Philadelphia, Pa — Novel drugs may offer fresh ways to reduce heart risks beyond the usual medicines to lower cholesterol and blood pressure.
One new study found that heart attack survivors benefited from a medicine long used to treat gout.
Several experimental drugs also showed early promise for interfering with heart-harmful genes without modifying the genes themselves — in one case, with treatment just twice a year.
The research was featured at an American Heart Association conference ending Monday in Philadelphia.
“There’s a lot of excitement” about the new gene-targeting medicines, especially because they seem to last so long, said Dr. Karol Watson, of the University of California, Los Angeles.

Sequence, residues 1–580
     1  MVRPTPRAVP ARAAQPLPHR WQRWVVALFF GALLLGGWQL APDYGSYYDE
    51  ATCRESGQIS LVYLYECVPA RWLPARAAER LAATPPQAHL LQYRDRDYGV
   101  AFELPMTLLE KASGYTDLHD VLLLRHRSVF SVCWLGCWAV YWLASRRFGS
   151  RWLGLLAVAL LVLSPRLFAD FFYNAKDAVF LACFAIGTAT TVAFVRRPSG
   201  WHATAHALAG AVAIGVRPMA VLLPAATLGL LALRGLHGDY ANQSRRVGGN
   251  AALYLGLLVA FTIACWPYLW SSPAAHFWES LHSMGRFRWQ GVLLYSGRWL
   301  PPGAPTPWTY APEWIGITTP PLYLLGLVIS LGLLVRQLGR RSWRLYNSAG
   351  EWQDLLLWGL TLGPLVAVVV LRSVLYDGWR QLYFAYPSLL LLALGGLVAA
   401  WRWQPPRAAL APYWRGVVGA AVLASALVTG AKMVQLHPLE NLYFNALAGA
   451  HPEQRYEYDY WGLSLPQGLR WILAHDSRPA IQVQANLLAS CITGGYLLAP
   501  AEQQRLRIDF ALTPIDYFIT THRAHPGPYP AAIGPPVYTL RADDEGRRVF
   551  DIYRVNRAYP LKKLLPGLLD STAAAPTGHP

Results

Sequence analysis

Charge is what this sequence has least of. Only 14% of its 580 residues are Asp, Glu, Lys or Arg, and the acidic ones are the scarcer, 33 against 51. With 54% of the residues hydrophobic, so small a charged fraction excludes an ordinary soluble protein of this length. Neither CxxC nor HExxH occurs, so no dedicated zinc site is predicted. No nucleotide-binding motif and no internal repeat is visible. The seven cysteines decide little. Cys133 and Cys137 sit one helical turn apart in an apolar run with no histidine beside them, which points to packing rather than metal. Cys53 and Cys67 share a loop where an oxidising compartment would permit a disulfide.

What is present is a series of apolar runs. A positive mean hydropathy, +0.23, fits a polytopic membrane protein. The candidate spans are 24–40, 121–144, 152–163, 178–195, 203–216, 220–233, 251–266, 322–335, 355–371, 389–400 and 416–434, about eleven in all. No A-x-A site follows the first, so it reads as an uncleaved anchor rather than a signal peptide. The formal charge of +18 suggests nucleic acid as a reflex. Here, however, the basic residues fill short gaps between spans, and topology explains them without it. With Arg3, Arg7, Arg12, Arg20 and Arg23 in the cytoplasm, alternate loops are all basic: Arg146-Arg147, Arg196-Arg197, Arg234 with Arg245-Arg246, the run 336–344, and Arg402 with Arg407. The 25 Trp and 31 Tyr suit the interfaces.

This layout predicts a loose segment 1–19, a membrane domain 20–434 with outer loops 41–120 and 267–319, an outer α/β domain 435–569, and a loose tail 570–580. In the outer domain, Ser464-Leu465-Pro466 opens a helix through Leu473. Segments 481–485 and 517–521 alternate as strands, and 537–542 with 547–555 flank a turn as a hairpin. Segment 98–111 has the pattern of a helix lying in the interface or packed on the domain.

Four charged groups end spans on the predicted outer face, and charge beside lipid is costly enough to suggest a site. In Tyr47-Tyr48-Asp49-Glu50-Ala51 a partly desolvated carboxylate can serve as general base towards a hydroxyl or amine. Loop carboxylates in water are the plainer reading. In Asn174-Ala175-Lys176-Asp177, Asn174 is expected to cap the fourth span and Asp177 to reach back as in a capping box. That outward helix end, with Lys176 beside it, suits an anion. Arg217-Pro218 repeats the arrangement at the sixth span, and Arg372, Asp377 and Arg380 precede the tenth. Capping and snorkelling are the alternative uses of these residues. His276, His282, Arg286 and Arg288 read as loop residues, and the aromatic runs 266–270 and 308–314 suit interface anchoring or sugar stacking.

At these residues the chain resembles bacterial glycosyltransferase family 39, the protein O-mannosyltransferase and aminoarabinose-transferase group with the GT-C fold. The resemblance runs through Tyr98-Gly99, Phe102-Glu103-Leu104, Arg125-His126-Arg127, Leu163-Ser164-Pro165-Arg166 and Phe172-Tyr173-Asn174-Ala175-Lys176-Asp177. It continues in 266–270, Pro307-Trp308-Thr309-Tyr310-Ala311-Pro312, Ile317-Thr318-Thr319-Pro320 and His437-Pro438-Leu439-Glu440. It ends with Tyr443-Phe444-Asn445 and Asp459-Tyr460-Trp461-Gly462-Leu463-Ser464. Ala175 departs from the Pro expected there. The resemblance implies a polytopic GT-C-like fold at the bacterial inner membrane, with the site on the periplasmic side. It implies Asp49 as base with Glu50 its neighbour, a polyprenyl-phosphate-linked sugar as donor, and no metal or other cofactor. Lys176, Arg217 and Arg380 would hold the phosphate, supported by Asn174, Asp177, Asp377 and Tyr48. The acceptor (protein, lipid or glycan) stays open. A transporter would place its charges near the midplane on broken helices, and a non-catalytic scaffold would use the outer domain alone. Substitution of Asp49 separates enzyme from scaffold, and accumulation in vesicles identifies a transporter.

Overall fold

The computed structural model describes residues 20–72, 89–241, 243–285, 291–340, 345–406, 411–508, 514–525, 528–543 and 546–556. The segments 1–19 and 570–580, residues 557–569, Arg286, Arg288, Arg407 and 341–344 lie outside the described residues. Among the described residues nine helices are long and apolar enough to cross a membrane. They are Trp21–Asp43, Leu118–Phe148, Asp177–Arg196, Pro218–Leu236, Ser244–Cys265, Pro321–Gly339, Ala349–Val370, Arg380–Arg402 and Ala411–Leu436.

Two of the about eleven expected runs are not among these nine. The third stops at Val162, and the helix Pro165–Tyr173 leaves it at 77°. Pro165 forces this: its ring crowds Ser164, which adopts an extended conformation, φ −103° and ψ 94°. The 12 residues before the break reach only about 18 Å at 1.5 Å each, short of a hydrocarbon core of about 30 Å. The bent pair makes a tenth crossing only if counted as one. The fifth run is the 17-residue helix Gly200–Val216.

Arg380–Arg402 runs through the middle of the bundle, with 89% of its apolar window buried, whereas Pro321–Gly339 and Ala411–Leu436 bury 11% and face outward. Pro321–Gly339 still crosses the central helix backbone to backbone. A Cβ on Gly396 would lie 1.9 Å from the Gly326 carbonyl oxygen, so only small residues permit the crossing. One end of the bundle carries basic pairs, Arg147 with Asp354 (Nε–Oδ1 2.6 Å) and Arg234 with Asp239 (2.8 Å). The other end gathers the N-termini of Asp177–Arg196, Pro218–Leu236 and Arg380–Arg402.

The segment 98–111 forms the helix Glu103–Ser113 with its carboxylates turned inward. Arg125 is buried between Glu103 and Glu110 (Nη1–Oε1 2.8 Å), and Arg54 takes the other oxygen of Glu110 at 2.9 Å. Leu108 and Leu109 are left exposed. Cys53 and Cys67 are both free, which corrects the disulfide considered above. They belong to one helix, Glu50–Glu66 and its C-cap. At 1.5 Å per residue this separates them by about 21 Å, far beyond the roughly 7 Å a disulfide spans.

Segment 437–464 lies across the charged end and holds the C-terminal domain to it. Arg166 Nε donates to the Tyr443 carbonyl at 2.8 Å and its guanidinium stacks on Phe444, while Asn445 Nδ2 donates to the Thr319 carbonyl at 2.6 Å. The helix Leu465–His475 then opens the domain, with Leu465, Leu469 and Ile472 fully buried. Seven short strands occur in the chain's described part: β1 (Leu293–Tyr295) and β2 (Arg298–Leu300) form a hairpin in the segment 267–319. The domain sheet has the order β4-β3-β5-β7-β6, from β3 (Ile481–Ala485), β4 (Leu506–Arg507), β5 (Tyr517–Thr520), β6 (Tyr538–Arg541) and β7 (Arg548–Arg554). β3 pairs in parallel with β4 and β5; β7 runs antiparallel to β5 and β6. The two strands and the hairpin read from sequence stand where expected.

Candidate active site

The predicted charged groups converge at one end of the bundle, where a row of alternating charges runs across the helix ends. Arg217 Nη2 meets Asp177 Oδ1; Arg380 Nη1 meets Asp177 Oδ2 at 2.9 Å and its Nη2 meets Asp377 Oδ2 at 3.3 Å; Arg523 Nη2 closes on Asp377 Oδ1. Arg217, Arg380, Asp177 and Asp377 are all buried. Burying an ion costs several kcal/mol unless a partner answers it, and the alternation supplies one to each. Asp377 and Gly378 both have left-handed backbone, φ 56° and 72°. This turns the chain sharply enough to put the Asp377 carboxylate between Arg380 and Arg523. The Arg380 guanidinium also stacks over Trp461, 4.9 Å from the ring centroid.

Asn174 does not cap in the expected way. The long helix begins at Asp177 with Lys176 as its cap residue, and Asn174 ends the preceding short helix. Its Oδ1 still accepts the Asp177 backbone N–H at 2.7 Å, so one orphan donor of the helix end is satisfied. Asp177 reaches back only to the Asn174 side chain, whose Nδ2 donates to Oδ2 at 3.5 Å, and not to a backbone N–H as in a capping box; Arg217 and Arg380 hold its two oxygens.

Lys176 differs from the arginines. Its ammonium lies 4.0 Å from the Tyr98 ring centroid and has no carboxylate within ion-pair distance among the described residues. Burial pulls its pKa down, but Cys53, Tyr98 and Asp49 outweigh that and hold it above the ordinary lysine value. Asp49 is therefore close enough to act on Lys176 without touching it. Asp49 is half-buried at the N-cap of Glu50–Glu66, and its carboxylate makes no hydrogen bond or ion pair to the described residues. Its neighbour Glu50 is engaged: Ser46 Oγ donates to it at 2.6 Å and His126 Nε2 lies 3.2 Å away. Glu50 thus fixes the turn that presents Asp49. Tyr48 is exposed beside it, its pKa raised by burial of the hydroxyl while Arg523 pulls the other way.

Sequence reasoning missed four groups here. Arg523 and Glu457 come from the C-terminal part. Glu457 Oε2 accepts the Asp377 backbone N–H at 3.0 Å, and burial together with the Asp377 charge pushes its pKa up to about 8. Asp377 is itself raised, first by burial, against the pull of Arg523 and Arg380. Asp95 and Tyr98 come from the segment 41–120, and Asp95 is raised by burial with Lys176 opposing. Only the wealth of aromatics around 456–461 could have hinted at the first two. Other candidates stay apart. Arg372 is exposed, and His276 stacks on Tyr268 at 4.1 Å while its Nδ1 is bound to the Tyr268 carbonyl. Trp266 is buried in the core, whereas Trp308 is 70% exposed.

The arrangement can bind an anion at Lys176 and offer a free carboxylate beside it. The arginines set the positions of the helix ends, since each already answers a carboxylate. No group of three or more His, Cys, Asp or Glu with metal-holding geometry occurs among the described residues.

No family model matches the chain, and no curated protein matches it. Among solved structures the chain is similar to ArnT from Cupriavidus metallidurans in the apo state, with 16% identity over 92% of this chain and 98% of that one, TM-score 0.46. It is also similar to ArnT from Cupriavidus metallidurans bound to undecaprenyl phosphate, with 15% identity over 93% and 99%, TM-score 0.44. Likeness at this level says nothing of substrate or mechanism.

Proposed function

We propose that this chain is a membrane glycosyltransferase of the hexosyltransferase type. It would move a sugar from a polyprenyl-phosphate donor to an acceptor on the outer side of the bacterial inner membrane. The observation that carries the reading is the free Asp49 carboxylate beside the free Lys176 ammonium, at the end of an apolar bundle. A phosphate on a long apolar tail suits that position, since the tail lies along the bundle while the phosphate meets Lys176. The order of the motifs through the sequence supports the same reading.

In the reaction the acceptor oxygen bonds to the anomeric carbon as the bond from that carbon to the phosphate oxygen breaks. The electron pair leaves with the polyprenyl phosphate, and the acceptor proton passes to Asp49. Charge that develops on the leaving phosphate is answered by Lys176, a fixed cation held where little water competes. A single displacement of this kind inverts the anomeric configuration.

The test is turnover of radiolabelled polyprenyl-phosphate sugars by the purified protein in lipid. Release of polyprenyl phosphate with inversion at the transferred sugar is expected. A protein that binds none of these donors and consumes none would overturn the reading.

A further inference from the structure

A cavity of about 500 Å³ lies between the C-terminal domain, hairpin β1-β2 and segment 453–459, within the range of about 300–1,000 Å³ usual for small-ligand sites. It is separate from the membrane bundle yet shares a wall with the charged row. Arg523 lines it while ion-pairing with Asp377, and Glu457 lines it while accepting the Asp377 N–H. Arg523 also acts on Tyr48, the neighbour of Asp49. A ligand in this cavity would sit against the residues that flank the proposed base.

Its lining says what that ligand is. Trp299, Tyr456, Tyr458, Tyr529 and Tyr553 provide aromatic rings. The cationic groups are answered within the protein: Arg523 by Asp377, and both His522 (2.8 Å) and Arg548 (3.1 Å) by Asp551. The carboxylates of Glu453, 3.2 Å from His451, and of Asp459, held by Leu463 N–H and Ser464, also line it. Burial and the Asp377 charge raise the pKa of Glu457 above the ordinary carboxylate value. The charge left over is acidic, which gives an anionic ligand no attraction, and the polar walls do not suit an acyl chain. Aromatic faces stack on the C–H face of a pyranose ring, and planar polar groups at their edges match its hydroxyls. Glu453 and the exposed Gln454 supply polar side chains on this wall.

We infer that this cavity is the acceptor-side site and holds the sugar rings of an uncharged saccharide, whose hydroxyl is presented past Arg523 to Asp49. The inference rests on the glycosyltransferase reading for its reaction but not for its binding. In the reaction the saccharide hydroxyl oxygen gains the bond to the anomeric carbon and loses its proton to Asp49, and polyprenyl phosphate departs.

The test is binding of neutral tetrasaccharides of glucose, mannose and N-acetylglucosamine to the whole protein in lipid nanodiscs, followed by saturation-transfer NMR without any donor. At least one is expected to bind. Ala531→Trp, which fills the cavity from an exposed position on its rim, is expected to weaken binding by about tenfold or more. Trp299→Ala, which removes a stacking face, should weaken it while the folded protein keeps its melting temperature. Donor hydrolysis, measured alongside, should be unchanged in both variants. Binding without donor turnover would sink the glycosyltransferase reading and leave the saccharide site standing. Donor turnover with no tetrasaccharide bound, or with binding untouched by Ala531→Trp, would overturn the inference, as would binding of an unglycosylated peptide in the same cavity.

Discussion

Scientists have been exploring gene therapy — altering DNA — to attack the root cause of many diseases.
The new drugs essentially accomplish the same thing without tampering with genes, said the University of Pennsylvania’s Dr. Daniel Rader, who has consulted for some makers of these drugs.
The medicines work by silencing or blocking messages that genes give to cells to make proteins that can do harm, such as allowing cholesterol to accumulate.
The first few of these “RNA-interference” drugs recently were approved for other conditions, and research is also targeting heart disease.